Here is your short paragraph on droughts!
Drought is a temporary reduction in water or moisture availability significantly below the normal or expected amount for a specific period.
According to High Powered Committee on Disaster Management Report, “Any lack of water to satisfy the normal needs of agricultural, livestock, industry or human population may be termed as a drought.”
This condition occurs either due to inadequacy of rainfall, or lack of irrigation facilities, under-exploitation or deficient availability of water for meeting the normal crop requirements in the context of the agro-climatic conditions prevailing in any particular area. This has been scientifically computed as Moisture Index (MI).
Drought, in this context, can be defined as adverse MI or adverse water balance which may be attributable not only to a prolonged dry spell due to lack of sufficient rainfall but also due to such other factors as excessive evapotranspiration losses, high temperature, low soil holding capacity, etc. The inadequacy is with reference to the prevailing agro-climatic conditions in any particular area.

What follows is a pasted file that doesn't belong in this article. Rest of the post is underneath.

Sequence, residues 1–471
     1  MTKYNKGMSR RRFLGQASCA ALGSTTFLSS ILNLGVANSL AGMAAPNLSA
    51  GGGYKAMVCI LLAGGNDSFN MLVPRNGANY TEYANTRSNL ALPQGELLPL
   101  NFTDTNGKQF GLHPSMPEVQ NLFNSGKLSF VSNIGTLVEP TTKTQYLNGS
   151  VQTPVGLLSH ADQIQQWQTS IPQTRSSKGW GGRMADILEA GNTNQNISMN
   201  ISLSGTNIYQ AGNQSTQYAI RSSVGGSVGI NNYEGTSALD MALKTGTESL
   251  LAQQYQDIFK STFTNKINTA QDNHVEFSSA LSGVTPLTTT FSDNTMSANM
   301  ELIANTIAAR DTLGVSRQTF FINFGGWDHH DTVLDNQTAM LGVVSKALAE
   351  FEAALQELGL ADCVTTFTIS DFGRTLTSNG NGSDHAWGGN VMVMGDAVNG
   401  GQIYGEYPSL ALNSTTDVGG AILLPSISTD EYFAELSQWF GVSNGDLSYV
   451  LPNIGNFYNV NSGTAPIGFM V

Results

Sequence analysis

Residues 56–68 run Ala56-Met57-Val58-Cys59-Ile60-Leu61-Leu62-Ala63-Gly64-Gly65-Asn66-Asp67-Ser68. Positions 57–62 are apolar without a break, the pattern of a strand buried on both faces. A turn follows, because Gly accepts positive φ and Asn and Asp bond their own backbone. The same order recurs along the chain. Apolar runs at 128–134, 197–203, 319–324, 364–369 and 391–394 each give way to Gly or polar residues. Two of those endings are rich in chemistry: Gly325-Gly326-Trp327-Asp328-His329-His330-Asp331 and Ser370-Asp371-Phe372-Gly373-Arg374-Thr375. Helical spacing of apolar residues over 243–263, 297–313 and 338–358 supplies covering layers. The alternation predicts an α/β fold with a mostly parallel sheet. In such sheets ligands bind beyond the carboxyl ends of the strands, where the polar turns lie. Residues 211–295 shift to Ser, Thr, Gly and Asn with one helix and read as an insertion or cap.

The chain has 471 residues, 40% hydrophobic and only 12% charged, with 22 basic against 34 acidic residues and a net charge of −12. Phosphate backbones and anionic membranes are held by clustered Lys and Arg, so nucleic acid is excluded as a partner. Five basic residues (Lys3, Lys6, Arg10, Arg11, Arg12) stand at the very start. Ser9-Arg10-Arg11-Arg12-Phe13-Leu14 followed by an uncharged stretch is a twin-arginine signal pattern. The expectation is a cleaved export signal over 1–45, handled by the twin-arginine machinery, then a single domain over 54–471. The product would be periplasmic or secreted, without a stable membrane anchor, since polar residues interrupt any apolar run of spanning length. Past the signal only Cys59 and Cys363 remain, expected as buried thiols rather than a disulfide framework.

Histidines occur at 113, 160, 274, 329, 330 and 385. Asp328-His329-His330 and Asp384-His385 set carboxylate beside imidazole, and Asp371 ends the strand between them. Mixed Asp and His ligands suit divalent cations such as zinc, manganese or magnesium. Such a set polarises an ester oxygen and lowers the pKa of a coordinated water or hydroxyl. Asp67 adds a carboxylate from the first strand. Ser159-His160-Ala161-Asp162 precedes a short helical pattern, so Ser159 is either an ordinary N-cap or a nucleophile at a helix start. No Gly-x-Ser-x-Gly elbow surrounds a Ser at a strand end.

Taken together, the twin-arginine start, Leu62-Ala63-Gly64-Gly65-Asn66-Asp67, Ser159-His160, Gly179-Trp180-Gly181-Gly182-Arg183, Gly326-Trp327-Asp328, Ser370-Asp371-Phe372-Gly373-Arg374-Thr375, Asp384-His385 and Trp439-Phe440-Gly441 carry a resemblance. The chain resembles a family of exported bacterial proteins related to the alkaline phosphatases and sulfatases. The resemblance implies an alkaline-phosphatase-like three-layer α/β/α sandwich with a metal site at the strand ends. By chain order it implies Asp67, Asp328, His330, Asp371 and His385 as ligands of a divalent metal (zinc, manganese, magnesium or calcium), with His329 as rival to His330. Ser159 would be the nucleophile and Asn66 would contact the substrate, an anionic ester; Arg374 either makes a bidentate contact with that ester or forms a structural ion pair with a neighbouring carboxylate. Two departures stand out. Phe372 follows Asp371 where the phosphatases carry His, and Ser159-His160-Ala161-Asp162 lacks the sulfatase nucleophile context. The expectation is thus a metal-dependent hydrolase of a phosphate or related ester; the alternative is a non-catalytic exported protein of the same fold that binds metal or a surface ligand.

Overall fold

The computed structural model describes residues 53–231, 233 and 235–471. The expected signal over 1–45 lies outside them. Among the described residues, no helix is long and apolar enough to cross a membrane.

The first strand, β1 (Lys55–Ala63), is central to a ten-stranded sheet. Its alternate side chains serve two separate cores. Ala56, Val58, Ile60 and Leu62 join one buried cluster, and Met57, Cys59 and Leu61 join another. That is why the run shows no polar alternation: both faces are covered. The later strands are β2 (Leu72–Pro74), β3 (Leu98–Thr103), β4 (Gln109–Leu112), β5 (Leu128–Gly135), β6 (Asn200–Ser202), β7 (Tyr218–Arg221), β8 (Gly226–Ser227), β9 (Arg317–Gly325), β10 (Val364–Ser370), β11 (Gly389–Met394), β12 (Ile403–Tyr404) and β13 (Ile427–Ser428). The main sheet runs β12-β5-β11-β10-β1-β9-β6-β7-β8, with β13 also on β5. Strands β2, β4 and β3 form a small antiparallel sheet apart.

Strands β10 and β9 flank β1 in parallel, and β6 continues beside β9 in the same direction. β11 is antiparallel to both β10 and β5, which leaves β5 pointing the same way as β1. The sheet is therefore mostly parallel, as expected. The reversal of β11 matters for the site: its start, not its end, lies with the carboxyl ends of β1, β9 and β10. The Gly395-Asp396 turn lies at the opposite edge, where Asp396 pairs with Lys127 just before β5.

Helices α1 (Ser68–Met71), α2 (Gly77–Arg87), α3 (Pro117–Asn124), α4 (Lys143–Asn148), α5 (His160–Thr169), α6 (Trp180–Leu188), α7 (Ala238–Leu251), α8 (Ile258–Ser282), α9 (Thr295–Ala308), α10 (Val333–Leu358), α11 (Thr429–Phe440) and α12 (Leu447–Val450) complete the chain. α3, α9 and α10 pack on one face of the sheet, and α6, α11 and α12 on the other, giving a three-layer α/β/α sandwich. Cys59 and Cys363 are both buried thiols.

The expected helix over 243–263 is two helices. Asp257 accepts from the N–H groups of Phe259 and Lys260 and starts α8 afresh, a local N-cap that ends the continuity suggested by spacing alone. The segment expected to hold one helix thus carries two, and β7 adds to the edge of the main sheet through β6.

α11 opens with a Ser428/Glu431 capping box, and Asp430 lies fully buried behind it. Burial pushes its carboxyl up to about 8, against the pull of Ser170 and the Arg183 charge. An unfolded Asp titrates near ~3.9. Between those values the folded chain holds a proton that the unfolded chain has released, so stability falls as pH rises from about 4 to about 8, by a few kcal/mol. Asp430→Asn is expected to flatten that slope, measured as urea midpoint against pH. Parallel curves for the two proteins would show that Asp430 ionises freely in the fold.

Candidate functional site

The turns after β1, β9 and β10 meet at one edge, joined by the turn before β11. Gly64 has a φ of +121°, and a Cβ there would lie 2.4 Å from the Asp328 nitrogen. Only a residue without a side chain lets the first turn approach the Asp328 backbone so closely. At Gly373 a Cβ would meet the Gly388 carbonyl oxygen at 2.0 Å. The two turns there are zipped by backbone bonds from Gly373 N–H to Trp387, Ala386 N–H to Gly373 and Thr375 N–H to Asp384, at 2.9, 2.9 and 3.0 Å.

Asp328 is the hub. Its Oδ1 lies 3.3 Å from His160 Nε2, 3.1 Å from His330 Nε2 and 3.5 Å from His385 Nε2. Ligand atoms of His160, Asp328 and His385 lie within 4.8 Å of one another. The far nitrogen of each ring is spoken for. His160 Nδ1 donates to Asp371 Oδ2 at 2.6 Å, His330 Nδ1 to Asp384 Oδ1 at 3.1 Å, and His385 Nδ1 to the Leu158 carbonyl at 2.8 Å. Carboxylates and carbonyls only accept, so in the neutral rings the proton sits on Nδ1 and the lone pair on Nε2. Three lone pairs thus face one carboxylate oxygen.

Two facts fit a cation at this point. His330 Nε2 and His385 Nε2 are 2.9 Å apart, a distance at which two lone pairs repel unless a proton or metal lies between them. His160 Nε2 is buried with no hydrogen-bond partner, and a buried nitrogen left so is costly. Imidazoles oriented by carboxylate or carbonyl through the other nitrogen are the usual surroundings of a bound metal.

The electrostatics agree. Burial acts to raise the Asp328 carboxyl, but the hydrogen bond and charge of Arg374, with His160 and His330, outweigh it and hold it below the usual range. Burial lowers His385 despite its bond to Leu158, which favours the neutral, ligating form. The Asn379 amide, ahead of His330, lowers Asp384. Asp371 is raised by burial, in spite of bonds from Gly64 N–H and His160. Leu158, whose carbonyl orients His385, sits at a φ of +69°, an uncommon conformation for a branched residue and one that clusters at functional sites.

Therefore, there is a drought in Jaisalmer (Average rainfall 200 mm) if rainfall is not sufficient to grow grass and paltry coarse-grains, whereas in Bolangir or Koraput (Orissa-rainfall above 1000 mm) there is a drought if there is not enough rainfall for bringing the paddy crop to maturity.
Drought is a distress situation caused by lack of rainfall. The failure of rains may be reviewed from two aspects. Firstly, the rainfall may be insufficient. Secondly it may be sufficient for the region as a whole but with wide gap, separating two wet spells. Thus both the amounts as well as time of rainfall are important. In other words, drought is a relative phenomenon. Therefore, the amount of rainfall is not that important as its effectiveness.